Comment -------

14.(C/NF) Nuclear new build enjoys good political support at DECC and more broadly, within HMG, and industry players are satisfied with the support they get from DECC Secretary Miliband and recently appointed Minister of Energy Lord Hunt. However, the ambitious timeline established by DECC does not allow much room for delays. There will need to be a concerted effort within HMG and private industry to make even one nuclear plant operational by 2018. There will also need to be a strong public relations campaign throughout the process to build support in communities where new nuclear plants will be located. Visit London's Classified Website: XXXXXXXXXXXX LeBaron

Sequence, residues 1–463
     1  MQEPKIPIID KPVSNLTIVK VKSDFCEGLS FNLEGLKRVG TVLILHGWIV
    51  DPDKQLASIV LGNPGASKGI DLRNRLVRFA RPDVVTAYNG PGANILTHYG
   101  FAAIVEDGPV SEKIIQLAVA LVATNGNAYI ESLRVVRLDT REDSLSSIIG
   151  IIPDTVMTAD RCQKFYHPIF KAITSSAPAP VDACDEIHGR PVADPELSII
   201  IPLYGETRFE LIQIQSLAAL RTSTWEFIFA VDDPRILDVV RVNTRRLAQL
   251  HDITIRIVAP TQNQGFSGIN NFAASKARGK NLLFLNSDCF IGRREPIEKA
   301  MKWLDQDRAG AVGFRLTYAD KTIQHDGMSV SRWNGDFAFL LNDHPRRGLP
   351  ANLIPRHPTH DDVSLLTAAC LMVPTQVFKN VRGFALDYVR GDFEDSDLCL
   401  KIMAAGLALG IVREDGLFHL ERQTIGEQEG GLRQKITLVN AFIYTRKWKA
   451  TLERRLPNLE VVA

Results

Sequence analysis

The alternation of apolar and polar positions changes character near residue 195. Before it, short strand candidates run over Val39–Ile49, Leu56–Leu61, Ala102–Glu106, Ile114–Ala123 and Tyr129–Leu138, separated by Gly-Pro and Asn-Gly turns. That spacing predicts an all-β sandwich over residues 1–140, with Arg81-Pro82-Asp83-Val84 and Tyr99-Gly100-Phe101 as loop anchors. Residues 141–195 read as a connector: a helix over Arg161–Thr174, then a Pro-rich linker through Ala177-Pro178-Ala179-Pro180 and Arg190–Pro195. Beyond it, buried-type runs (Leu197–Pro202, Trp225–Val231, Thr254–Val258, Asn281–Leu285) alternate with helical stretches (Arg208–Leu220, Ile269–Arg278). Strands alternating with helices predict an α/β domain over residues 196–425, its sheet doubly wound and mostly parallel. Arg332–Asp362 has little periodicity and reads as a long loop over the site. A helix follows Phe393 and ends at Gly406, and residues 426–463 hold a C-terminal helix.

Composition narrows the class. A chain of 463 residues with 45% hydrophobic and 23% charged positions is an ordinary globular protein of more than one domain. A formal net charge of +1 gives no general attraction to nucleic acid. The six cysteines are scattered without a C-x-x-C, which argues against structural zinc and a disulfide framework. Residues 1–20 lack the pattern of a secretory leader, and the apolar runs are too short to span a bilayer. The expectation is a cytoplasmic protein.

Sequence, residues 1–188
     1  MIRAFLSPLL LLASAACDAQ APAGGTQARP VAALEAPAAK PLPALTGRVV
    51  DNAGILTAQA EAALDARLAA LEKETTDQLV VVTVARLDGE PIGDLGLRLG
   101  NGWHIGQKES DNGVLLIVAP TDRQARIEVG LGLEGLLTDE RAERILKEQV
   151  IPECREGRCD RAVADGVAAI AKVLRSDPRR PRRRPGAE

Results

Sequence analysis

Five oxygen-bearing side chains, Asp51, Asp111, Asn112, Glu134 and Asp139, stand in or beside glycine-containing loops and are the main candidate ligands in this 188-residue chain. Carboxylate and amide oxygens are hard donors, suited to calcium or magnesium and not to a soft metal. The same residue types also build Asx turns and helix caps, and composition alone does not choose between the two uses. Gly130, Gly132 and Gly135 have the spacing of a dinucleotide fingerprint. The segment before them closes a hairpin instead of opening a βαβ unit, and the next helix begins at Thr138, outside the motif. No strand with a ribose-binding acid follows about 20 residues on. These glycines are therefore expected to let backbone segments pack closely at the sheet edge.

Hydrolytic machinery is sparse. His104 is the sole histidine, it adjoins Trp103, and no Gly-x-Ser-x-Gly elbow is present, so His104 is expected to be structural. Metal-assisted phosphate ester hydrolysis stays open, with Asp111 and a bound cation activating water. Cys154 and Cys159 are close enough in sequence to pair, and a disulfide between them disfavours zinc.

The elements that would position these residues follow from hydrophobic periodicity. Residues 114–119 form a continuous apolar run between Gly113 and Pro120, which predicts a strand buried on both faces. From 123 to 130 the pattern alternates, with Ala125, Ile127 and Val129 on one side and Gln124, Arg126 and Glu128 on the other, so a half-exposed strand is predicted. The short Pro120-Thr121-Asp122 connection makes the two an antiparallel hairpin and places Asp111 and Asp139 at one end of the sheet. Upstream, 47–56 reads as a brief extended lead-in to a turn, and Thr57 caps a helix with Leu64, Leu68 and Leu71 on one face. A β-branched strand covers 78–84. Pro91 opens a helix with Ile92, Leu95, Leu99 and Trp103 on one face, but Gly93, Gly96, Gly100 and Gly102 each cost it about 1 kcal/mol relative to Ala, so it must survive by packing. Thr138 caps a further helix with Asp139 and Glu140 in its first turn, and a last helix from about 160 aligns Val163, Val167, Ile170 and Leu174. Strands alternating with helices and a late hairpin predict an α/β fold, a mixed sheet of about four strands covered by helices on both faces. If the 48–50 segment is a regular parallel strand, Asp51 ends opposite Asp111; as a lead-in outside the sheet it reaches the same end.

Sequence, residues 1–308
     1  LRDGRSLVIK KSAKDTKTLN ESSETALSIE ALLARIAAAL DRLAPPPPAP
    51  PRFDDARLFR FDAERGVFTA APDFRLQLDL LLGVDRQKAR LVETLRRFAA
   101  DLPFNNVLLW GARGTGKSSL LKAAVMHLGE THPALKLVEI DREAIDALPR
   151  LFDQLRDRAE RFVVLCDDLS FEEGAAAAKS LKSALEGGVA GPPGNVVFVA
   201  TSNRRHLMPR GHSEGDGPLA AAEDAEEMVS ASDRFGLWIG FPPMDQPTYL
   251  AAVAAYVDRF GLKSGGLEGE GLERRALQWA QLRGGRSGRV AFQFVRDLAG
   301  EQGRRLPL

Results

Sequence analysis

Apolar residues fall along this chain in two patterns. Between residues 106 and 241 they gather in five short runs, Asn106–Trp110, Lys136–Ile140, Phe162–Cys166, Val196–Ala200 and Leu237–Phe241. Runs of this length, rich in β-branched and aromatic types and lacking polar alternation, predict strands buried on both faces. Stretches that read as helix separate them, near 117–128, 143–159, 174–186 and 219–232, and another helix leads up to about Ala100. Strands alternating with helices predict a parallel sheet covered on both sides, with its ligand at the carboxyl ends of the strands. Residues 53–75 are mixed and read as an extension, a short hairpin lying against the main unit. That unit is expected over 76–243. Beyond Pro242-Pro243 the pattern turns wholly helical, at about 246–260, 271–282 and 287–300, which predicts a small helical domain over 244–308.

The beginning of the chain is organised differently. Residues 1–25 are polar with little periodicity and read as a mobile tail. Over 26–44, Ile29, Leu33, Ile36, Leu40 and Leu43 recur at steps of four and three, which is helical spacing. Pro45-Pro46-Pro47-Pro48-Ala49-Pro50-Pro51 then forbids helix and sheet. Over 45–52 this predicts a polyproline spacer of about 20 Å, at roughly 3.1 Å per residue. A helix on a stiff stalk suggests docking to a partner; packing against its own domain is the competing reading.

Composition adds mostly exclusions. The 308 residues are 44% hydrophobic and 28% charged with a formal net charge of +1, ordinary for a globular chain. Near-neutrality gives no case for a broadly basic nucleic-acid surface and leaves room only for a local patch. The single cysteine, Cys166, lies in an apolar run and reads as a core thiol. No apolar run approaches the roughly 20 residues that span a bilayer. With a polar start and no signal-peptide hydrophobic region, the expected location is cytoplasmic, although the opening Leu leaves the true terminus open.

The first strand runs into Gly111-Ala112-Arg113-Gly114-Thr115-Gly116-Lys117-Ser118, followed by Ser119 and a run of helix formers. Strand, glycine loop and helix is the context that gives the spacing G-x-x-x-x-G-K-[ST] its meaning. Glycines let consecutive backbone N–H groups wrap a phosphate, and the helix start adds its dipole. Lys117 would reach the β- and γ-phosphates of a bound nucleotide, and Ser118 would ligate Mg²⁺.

Anonymous said...
Dear Druid, that was a hell of a job, I was lost after the first few lines, at least we have got some interest, even if we can't make sense of it all, what I find amazing is the discussions that affect us, that we know absolutely nothing about. Must get a hamburger van with stars and stripes on it. Chuck wagon, that's it.
Anonymous said...
Interesting to note that Rolls Royce and BAe Systems names do not appear in that 2009 document. Whereas a recent press release from Westinghouse/Toshiba says RR and BAe will be helping, at least initially with the bid process. Wrt timescales for a decision: "Horizon Nuclear Power Ltd., a joint venture of the U.K. units of RWE AG and E.ON AG, is studying Westinghouse’s AP-1000 reactor and the EPR reactor from Areva SA and is scheduled to finish the assessment in June 2011." (from Bloomberg article). Sources: